Delaware Forest Service seeks trainees for wildfire classes

From left, Chris Sturm of Pennsylvania, Jennifer DeCarlo of Felton, Guy Cooper of Millville, Kyle Hoyd of Felton, Scott Veasey of Millsboro, and Todd Gsell of Townsend were part of the Delaware Forest Service wildfire crew that battled the 36,500-acre Fork Complex Fire in California last summer. The DFS is looking for trainees to join its wildland fire program this year. No experience is needed but applicants must register by Wednesday, Feb. 17.  Submitted photo

From left, Chris Sturm of Pennsylvania, Jennifer DeCarlo of Felton, Guy Cooper of Millville, Kyle Hoyd of Felton, Scott Veasey of Millsboro, and Todd Gsell of Townsend were part of the Delaware Forest Service wildfire crew that battled the 36,500-acre Fork Complex Fire in California last summer. The DFS is looking for trainees to join its wildland fire program this year. No experience is needed but applicants must register by Wednesday, Feb. 17. Submitted photo

The Delaware Forest Service (DFS) is seeking trainees for its annual wildfire training classes at the Delaware State Fire School. No previous experience needed. Applicants should be over 18-years-old, physically fit, motivated and willing to travel for at least two weeks (usually during the summer) on out-of-state fire assignments.

Interested candidates should contact DFS Wildland Fire Program Administrator Kyle Hoyd at (302) 698-4548 or kyle.hoyd@state.de.us to register. The deadline to sign up is Wednesday, Feb. 17.

All trainees must complete the following courses on two separate weekend sessions:

  • S-190: Intro to Wildfire Behavior – March 5 and 6 (Sat. and Sun.) – 8 a.m. to 4 p.m. each day
  • S-130: Basic Wildland Firefighting – March 19 and 20 (Sat. and Sun.) – 8 a.m. to 4 p.m. each day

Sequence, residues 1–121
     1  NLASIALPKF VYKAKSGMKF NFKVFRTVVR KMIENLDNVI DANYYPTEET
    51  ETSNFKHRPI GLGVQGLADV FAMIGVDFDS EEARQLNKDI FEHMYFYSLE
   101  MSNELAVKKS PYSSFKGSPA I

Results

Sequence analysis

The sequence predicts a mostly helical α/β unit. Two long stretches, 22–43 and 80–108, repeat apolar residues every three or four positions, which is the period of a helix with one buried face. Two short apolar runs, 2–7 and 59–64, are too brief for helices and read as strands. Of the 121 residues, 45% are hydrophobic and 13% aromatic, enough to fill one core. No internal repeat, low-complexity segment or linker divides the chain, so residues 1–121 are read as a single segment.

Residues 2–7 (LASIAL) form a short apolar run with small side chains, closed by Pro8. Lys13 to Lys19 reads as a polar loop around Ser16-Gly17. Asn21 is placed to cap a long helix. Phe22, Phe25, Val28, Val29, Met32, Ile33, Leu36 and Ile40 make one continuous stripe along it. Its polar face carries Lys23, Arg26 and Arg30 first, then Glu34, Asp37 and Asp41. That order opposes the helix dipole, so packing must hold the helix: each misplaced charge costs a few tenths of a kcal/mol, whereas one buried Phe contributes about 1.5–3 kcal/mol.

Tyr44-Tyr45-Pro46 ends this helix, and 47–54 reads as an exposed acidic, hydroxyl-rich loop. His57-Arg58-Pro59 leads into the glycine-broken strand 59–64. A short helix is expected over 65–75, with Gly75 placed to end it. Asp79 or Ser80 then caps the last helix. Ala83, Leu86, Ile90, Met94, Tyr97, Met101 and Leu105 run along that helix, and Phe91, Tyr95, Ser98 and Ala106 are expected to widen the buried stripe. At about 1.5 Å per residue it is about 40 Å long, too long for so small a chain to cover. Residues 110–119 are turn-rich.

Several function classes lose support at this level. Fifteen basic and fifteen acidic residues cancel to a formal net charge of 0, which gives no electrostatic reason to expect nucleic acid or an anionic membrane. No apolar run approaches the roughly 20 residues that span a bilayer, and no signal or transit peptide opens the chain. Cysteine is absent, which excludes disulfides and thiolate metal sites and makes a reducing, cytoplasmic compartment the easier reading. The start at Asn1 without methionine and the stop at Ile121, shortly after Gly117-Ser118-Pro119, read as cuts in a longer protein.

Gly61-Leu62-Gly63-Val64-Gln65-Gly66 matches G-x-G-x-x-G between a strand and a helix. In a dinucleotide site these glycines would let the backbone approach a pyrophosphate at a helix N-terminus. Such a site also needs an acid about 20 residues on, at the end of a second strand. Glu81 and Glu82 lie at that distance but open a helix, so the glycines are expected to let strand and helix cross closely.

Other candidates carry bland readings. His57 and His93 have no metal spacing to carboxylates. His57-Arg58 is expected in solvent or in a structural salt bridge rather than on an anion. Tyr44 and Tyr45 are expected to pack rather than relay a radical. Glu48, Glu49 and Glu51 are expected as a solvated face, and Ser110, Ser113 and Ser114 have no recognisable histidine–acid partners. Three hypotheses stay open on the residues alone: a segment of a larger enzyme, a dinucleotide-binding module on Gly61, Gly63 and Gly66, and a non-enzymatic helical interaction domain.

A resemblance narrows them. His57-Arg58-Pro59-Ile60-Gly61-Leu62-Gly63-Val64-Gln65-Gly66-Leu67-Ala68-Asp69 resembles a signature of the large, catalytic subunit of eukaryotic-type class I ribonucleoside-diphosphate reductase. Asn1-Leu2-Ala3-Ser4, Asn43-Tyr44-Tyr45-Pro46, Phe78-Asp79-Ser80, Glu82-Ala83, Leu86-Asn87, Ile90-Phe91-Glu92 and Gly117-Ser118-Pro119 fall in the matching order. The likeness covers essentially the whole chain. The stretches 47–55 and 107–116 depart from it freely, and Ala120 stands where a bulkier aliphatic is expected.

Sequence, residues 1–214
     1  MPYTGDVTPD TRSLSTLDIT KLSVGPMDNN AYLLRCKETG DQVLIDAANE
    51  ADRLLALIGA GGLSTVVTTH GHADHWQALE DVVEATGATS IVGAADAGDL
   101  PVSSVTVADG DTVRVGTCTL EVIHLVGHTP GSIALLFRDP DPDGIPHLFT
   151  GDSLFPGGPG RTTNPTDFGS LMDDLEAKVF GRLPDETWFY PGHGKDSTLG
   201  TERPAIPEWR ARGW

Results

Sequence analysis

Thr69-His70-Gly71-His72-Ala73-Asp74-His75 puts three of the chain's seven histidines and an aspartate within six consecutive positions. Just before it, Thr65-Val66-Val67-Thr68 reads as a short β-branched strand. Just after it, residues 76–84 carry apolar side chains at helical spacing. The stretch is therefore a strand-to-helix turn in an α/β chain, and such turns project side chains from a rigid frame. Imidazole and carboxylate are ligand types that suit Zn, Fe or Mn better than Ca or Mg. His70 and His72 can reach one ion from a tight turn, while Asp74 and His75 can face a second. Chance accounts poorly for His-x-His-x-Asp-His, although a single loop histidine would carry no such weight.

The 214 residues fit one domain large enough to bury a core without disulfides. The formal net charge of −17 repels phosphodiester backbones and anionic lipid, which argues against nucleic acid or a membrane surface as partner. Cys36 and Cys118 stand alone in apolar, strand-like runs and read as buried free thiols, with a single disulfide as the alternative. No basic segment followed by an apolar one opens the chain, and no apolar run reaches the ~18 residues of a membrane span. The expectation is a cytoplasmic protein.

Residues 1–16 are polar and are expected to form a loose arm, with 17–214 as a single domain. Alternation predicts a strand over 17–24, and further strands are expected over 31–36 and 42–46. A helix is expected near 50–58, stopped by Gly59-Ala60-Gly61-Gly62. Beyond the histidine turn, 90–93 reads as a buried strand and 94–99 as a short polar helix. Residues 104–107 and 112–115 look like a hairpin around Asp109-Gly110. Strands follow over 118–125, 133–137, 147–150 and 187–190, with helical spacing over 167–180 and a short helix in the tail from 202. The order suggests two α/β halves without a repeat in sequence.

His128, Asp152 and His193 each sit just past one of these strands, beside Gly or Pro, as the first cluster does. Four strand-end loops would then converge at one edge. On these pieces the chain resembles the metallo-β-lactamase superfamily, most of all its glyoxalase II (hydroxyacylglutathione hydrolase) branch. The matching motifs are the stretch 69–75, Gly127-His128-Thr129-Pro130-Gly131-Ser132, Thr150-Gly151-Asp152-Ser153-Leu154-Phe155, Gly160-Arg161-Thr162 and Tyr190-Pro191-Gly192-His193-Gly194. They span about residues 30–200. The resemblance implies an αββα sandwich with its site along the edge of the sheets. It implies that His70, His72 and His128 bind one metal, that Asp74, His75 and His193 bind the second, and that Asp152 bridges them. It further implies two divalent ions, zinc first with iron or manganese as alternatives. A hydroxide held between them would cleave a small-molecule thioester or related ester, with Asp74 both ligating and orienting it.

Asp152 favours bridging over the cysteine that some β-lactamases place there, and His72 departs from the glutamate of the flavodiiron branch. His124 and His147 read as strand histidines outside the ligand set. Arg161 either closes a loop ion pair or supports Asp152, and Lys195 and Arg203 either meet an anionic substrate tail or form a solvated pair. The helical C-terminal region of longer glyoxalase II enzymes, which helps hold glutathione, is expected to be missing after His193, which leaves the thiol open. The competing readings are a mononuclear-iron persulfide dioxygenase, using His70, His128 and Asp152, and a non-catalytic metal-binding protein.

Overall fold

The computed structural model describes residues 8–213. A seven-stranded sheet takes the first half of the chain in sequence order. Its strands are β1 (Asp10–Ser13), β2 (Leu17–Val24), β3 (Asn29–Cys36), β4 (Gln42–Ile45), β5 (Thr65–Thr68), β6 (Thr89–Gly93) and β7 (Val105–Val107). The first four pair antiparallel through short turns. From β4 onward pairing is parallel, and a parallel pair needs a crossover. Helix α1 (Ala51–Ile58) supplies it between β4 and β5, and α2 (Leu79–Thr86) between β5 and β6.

Courses are taught at the Delaware State Fire School, 1461 Chestnut Grove Rd. in Dover. The fire school can be reached at (302) 739-4773.

Both S-190 and S-130 are required for prospective firefighters to attain “red-card” certification from the National Wildfire Coordinating Group (NWCG), the lead agency for wildfire training in the United States. In addition to the basic coursework, candidates must also complete an arduous “work capacity” or “pack test,” which involves carrying a 45-pound pack over a three-mile course in less than 45 minutes.

Nikki Testa of Wilmington is a veteran wildland firefighter who was part of the Delaware Forest Service crew that battled the 36,500-acre Fork Complex Fire in northern California in 2015. Submitted photo

Nikki Testa of Wilmington is a veteran wildland firefighter who was part of the Delaware Forest Service crew that battled the 36,500-acre Fork Complex Fire in northern California in 2015. Submitted photo

The capstone of the Delaware Forest Service’s annual wildfire training is its 21st annual “Fire Camp,” held this year on Saturday, April 23, 2016 at Redden State Forest in Georgetown. The intensive one-day seminar includes hands-on training across a range of wildland firefighting tools and strategies, culminating in a “live-burn” exercise designed to simulate conditions on an actual fire assignment. Last year’s camp was featured on the WHYY-TV news program “First.”

In 2015, Delaware mobilized a 20-person crew to the National Interagency Fire Center that battled the 36,500-acre Fork Complex Fire in Northern California. The Delaware crew served at a time of intense need for firefighting resources, coinciding with the period when the National Preparedness Level hit a maximum of 5 on a 5-point scale.

Delaware has been mobilizing crews to serve on out-of-state assignment since the late-1990s. The crews have battled fires in Alaska, California, Georgia, Idaho, Minnesota, Nebraska, Nevada, New Mexico, South Dakota, Nebraska, Utah, Virginia and Washington.

The First State has also sent personnel to aid in national or regional emergencies, such as hurricane relief efforts in Florida in 2004 and New York in 2011. Trained and dispatched by the Delaware Department of Agriculture’s Forest Service, wildfire crews are comprised of men and women of varying ages and backgrounds who represent a mix of public agencies, nonprofit groups, volunteer fire companies, and private citizens—all with an interest in firefighting and a desire to help their communities.

The Delaware Forest Service’s Erich Burkentine leads trainees through the “live burn” exercise at the 2015 “Fire Camp” at Redden State Forest. This year’s camp will take place on April 23. Submitted photo

The Delaware Forest Service’s Erich Burkentine leads trainees through the “live burn” exercise at the 2015 “Fire Camp” at Redden State Forest. This year’s camp will take place on April 23. Submitted photo

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